[71]      I am in full and unqualified agreement with the views expressed by the learned Judge in the foregoing excerpt. In particular, I am of the considered view, for reasons he has advanced that a court, in exercising its powers and discretion in terms of the rule, is not necessarily bound to the record of proceedings before it. There is nothing in our relevant rule of court, that even remotely places the limitation sought to be imposed by Erasmus J, as articulated by Jafta J.

[72]      I can also add in this regard, that our Supreme Court appears inclined to the approach advocated above and this is exemplified by the court’s reasoning in Labuschagne v Scania Finance and Others,[14] where the Supreme Court adopted the approach of the Supreme Court of Appeal of South Africa in Lodhi 2 Properties Investments CC and Another v Bondev (Pty) Ltd[15] and reasoned that the approach of the court in Bakoven, was narrow.

[73]      As will be evident, there are, in this case, facts averred on affidavit, from which it is submitted that the court erred in granting the order in the absence of the applicants. That, in my view is a perfectly permissible approach, fully justified by the nature and character of this case, therefor suggesting that limiting the exercise of the court’s discretion to the record would result in an injustice that was not resident in the mind of the Rulemaker. 

[74]      The questions that I need to closely consider in deciding on the present matter, particularly the applicability of rule 103, are neatly summarised by Jafta J in his aforesaid judgment and they are the following:[16] (a) whether the order in this case was erroneously granted; (b) whether the order was granted in the absence of the applicants; and (c) whether the applicants rights or interests were affected by the order so made.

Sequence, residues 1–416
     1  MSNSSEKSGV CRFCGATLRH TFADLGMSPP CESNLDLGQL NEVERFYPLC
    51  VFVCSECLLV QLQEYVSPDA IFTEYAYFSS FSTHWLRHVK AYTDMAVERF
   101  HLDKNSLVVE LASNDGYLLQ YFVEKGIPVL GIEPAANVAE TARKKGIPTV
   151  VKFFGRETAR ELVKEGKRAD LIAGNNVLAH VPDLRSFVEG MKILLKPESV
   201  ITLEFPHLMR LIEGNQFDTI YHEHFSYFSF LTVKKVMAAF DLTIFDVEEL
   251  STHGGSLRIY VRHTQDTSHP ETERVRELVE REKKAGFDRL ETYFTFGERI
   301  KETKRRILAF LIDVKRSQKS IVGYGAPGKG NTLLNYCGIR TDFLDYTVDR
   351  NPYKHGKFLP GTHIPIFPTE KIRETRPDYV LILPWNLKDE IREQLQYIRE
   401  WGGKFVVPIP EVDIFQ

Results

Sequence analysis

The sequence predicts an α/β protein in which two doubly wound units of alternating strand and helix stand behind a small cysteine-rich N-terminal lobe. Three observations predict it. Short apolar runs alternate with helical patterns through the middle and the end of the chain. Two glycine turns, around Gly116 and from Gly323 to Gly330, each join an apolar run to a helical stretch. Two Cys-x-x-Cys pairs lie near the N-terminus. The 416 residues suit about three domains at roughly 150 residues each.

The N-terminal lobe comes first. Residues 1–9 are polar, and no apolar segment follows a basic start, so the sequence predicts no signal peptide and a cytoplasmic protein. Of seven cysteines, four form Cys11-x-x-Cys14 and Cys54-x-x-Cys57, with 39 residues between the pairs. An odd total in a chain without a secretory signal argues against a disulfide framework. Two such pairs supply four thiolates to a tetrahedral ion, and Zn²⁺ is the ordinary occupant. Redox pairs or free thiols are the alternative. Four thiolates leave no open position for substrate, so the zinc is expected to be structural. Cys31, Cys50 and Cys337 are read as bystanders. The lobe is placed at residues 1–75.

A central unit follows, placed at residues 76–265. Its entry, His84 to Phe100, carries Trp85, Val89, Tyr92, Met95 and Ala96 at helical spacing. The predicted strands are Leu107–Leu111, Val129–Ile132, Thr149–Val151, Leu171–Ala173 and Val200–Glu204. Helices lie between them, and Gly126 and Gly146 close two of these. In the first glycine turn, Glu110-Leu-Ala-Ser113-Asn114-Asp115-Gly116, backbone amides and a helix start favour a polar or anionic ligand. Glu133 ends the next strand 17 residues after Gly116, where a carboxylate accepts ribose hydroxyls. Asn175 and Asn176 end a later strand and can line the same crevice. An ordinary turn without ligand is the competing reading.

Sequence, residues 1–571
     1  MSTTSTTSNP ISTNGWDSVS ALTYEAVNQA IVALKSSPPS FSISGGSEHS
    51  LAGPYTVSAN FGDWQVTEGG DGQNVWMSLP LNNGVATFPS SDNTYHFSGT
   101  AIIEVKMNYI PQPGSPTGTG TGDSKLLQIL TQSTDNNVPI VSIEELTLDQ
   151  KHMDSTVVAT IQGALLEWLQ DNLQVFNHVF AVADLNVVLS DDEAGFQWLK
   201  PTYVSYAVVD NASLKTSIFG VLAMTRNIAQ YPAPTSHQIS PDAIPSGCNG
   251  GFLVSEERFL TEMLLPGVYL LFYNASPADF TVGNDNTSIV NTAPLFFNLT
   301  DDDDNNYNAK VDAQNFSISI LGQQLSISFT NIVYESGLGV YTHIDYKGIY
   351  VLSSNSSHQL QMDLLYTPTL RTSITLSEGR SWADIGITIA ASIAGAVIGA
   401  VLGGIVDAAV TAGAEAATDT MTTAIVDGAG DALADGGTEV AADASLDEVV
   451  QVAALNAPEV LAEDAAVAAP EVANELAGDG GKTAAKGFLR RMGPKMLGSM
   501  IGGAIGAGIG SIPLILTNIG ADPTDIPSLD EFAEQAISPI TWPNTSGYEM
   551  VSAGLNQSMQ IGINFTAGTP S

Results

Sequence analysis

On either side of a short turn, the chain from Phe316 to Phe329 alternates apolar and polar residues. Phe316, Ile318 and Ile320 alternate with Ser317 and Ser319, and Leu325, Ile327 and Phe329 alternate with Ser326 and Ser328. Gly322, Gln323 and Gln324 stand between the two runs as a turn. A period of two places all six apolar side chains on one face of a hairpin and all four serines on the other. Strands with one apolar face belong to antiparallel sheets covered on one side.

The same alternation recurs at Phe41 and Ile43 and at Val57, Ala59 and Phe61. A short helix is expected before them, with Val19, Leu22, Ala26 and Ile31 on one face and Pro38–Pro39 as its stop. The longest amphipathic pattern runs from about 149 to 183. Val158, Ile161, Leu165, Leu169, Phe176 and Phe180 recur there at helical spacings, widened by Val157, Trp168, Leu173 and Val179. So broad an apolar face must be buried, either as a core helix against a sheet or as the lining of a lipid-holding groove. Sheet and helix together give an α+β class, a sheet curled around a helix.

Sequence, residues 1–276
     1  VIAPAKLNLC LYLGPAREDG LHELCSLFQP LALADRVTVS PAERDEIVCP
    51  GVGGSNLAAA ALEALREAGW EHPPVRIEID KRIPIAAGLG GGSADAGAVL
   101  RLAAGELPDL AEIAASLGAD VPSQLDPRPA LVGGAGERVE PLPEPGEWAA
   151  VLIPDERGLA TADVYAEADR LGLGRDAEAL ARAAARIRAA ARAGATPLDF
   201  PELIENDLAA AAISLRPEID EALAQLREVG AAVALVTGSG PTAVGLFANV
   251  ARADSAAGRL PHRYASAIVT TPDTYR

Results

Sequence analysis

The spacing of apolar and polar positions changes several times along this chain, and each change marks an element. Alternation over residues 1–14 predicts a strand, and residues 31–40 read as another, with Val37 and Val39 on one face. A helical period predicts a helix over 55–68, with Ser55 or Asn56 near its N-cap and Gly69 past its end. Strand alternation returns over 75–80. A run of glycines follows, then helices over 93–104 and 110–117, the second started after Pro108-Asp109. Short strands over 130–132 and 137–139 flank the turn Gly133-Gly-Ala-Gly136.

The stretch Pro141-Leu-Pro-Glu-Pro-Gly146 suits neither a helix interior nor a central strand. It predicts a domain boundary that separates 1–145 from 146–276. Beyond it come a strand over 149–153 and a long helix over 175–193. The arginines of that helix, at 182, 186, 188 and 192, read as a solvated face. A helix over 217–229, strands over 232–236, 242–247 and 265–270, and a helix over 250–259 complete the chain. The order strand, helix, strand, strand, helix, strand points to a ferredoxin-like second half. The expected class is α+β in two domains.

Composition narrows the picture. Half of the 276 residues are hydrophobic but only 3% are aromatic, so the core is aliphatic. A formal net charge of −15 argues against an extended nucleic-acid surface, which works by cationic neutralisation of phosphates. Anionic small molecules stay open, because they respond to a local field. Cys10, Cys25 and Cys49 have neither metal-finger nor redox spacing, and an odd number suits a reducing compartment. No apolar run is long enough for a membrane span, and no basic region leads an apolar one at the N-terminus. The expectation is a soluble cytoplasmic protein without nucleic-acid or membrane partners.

[75]      In this regard, there is one question that hardly courts any controversy, if at all and I can deal with it summarily. This relates to the fact that there is no question or contention that the order in question was issued in the absence of the applicants. To this extent, I am of the firm view that the applicants stand on terra firma. The balance of the questions draw discordant responses and I deal with then in turn below.

Was order erroneously granted and were the applicants’ rights or interests affected by the granting of the order in their absence?

[76]      Whereas this enquiry stands independent of the other two mentioned in the judgment, I am of the considered view that in the context of this case, this requirement, together with that of the rights or interests of the applicant being detrimentally affected tend to coalesce. In this regard, it may be impossible to make a concrete finding regarding the erroneous nature of the order, standing alone but it is possible that once the court finds that the order was granted in the absence of the applicants and that the said order detrimentally affected the applicants’ rights and interests, then it can, in those peculiar circumstances, be held that the order was therefore erroneously issued.

[77]      I therefor find that in the peculiar setting of this case, it is necessary to first establish whether or not the applicants’ rights and/or interests were detrimentally affected by the issuance of the order in their absence and it is to that enquiry that I presently turn. This will eventually place me in a comfortable position, depending on the conclusion returned, to state without equivocation, whether the said order was in the circumstances, erroneously granted.